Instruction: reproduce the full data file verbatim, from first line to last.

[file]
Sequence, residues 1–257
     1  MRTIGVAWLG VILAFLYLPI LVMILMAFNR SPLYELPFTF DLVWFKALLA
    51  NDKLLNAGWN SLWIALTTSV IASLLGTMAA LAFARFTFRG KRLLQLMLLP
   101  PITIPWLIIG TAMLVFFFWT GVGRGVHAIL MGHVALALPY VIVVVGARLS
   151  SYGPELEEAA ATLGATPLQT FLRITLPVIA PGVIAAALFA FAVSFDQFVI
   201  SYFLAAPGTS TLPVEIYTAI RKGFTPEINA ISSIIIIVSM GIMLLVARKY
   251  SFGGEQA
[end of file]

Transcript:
Sequence, residues 1–257
     1  MRTIGVAWLG VILAFLYLPI LVMILMAFNR SPLYELPFTF DLVWFKALLA
    51  NDKLLNAGWN SLWIALTTSV IASLLGTMAA LAFARFTFRG KRLLQLMLLP
   101  PITIPWLIIG TAMLVFFFWT GVGRGVHAIL MGHVALALPY VIVVVGARLS
   151  SYGPELEEAA ATLGATPLQT FLRITLPVIA PGVIAAALFA FAVSFDQFVI
   201  SYFLAAPGTS TLPVEIYTAI RKGFTPEINA ISSIIIIVSM GIMLLVARKY
   251  SFGGEQA